My tour lasted exactly 1 year. Afterwards, I received orders for Malmstrom AFB, Montana, as it would be close to where my children were staying. Until I was ready to have them with me, I wanted to be as close as possible to visit. I had spent a year away and I missed my boys terribly.

1st Commendation MedalI received my first Air Force Commendation Medal at that time.

At Malmstrom, I was NCOIC of Base Graphics for my first year before a higher ranking NCO was due to arrive to run the department. I improved and upgraded many aspects of our proceeders including using Color Key for making rub off lettering for certificates, buying parallel rulers for the drafting tables and so on. I wrote performance reports, letters of recommendation for awards and started the filing system for keeping track of previous jobs.

Steve Jakubiec and I married the following July. My children came back to live with us the following August.

 

 

Malmstrom Museum LogoIn August, I won the Malmstrom AFB Museum Logo Contest. The prizes were a seat on the reviewing stand when the Thunderbirds visited Malmstrom for Big Sky Day and a Charlie Russell lithograph.

 

 

4th Quarter right upIn September, I was sent by Audio Visual Services to compete for NCO of the Quarter, which I won. I was later sent by our Group to compete for the Wing, which I also won. Below are pictures from the Awards Ceremony. The photograph on the right was taken with the base commander, Colonel Parker, and members of the Great Falls Chamber of Commerce.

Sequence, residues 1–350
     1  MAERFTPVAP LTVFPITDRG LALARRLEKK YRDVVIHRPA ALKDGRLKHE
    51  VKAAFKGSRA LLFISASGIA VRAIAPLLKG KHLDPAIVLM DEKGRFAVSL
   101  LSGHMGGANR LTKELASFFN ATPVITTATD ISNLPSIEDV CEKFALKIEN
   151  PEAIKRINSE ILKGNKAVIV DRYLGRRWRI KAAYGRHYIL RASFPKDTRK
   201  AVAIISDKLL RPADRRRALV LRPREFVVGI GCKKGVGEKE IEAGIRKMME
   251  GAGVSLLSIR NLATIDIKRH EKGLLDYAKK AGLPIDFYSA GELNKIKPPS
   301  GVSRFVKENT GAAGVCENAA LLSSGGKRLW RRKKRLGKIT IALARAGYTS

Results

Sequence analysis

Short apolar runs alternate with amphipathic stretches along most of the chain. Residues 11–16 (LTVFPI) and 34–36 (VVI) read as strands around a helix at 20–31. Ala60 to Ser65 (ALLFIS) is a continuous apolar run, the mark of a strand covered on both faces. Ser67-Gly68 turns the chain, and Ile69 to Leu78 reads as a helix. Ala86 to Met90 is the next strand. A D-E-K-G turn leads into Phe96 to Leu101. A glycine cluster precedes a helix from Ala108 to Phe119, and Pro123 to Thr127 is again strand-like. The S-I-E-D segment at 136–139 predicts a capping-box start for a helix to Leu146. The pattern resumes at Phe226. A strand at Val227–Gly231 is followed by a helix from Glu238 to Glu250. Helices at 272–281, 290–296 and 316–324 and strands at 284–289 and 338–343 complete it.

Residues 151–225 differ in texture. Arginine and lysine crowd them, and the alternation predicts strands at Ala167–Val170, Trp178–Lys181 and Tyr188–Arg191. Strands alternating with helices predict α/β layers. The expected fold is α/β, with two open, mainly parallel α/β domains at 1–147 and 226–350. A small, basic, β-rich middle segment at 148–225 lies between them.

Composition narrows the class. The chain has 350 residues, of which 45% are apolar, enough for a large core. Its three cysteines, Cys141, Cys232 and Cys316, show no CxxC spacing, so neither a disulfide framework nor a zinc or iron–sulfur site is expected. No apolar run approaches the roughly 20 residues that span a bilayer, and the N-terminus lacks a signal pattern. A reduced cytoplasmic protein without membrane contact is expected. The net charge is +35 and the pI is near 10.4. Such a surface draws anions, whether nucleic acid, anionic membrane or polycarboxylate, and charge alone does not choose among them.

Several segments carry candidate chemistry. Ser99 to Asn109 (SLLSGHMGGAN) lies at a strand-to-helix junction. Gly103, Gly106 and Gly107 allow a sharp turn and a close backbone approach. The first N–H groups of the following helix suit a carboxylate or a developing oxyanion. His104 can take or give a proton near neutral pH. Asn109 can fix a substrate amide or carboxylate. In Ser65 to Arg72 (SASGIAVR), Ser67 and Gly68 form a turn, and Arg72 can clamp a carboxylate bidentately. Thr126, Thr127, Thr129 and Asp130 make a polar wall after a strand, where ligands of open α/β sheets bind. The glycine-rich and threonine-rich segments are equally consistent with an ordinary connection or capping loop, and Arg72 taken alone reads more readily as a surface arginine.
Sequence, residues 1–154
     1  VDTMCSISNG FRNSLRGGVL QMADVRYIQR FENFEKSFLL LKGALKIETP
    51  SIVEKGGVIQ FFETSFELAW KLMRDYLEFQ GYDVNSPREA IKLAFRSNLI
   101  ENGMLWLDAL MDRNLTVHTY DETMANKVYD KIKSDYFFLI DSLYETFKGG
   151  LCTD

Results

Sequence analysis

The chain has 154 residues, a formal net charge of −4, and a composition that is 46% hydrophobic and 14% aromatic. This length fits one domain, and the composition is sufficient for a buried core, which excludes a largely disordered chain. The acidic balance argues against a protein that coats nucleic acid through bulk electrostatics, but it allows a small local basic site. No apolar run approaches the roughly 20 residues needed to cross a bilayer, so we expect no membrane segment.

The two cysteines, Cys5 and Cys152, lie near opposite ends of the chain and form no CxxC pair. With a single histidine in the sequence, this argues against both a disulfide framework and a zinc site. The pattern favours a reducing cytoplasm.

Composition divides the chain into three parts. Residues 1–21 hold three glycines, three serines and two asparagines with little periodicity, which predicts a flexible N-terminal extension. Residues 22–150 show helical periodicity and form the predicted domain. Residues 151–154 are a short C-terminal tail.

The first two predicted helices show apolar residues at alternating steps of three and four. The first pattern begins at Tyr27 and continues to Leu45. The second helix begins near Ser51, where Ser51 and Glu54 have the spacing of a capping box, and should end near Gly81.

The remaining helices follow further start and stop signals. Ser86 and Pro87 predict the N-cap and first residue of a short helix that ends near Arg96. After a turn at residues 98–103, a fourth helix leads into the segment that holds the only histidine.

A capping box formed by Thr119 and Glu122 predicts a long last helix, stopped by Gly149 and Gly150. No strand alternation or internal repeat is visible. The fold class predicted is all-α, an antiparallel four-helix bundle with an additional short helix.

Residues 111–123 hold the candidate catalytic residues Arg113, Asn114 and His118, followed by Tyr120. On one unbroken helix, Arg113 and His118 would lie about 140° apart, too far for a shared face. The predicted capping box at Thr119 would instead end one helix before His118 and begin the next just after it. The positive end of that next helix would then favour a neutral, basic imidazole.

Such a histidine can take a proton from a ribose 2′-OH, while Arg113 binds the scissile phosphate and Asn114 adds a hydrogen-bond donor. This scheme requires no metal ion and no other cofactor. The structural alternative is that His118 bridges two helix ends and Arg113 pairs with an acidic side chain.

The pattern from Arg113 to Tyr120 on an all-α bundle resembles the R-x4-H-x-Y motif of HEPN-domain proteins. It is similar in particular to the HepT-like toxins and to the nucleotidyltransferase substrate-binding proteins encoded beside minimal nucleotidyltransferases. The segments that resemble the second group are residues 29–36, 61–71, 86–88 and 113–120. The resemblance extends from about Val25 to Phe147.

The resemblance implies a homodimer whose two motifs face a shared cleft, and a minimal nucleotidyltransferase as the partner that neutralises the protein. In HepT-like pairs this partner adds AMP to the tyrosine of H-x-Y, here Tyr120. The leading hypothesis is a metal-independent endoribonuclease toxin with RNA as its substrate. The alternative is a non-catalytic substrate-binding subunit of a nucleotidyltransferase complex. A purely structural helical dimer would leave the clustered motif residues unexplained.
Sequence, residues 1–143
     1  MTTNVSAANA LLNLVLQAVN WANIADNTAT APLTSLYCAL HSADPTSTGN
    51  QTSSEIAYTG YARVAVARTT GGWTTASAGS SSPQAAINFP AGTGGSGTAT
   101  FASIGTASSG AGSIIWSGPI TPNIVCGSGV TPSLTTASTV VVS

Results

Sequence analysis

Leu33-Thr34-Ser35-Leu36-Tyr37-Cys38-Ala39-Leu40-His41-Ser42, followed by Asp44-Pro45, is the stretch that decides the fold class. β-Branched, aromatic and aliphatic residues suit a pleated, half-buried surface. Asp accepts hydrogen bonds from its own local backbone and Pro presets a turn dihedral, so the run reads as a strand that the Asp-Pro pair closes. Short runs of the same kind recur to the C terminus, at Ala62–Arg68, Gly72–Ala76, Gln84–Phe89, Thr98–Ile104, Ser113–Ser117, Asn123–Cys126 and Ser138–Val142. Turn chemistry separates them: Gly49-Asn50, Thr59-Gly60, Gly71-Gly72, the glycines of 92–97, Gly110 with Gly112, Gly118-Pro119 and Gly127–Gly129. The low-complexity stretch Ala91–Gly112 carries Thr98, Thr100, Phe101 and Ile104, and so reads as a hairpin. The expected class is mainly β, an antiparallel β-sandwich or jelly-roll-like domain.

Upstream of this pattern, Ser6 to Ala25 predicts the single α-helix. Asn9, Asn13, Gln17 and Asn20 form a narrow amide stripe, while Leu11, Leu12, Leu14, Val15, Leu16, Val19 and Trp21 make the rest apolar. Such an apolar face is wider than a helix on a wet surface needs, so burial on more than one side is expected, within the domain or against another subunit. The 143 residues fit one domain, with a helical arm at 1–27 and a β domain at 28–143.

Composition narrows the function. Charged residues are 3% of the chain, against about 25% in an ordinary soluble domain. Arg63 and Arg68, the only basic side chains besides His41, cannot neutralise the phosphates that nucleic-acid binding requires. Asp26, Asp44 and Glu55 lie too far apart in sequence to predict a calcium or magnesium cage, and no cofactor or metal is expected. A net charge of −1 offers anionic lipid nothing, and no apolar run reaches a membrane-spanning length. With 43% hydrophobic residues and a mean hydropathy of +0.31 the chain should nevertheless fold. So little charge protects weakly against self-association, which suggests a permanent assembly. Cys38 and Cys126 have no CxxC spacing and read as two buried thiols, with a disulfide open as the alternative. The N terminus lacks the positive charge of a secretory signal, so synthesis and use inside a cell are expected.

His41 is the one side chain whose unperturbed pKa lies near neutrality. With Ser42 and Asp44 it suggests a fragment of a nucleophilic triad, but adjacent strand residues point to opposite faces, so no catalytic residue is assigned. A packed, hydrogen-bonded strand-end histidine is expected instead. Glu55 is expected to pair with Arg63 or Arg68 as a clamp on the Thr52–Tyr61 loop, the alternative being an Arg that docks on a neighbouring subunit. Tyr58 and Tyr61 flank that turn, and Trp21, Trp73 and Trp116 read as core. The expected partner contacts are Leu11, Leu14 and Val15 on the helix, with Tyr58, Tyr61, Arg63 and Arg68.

NCO wing award group

 

 

 

 

 

 

NCO 4th Quarter Award

Again, I was active with the local drama community: May Caroll Theater. I was in “A Funny Thing Happened on the Way to the Forum” and stage manager for “The King and I”. I was also active in my oldest son’s kindergarden class. My Group put me in for the local Community Service “Good Neighbor Award.”

I also attended classes through the University of Montana. My classes were in Drafting (descriptive geometry), residential wiring and architecture.

Since I wanted to get my degree – after all that was one of the reasons why I had enlisted, I declined to reenlist and applied to the University of Cincinnati in Graphic Design.

I was honorably discharge in September 1985. I received my second Air Force Commendation Medal soon afterwards.

Great Falls Good Citizen AwardBy and large I enjoyed my time in the Air Force. It gave me the basics for my career in Graphics. My only regret dealt with my personal life as I believe that my parents didn’t prepare me for what it is like to live in the real world of men. I also grew tired of dealing with the ‘good old boys club’ and having to fight with management in order to facilitate improvements with equipment or procedures.